• Rapid socio-economic change in China has been accompanied by relaxation of some restrictions on basic rights, but the government remains an authoritarian one-party state. It places arbitrary curbs on expression, association, assembly, and religion; prohibits independent labor unions and human rights organizations; and maintains Party control over all judicial institutions. At the same time, citizens are increasingly prepared to challenge authorities over volatile livelihood issues, such as land seizures, forced evictions, environmental degradation, miscarriages of justice, abuse of power by corrupt cadres, discrimination, and economic inequality. Civil society groups and advocates continue to slowly expand their work despite their precarious status, while the government obstructs domestic and international scrutiny of its human rights record, insisting it is an attempt to destabilize the country.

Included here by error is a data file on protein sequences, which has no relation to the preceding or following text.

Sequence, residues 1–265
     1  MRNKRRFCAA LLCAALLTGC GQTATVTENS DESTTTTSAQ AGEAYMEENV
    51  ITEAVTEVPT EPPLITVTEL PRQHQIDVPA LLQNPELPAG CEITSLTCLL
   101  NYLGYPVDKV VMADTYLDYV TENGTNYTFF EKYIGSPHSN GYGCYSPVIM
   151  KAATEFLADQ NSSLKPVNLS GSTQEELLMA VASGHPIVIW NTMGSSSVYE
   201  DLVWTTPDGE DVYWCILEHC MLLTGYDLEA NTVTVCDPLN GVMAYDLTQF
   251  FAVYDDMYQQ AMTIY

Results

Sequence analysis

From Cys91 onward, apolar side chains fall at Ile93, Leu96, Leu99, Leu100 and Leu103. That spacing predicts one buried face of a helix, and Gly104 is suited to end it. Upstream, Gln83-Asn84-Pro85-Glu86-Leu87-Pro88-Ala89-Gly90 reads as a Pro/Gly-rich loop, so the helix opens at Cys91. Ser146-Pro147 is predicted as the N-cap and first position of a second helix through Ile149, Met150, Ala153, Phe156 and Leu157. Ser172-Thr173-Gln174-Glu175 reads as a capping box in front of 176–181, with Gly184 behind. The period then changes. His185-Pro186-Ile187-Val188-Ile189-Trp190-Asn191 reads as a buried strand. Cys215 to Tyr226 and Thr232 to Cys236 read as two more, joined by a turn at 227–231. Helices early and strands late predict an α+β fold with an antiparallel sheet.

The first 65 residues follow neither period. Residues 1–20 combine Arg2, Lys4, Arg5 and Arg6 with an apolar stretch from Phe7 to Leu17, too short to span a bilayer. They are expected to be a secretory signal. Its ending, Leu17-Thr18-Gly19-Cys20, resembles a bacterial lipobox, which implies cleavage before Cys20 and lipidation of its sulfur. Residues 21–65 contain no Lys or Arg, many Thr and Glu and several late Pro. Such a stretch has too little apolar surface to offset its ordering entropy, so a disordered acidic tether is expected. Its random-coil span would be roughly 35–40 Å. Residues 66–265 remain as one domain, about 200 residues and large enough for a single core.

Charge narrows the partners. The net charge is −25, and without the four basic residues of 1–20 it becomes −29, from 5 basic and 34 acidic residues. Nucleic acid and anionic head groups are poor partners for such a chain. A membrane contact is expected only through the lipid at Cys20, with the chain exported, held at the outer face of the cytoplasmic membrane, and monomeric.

• Riot police fire teargas to disperse protesters after thousands demonstrated in the main street to the financial Central district.
    Hong Kong Chief Executive C.Y. Leung should urgently assure the public of their rights to peaceful assembly and expression in advance of his deadline that city streets be cleared by October 6, 2014, Human Rights Watch said in a public letter today.


China and Tibet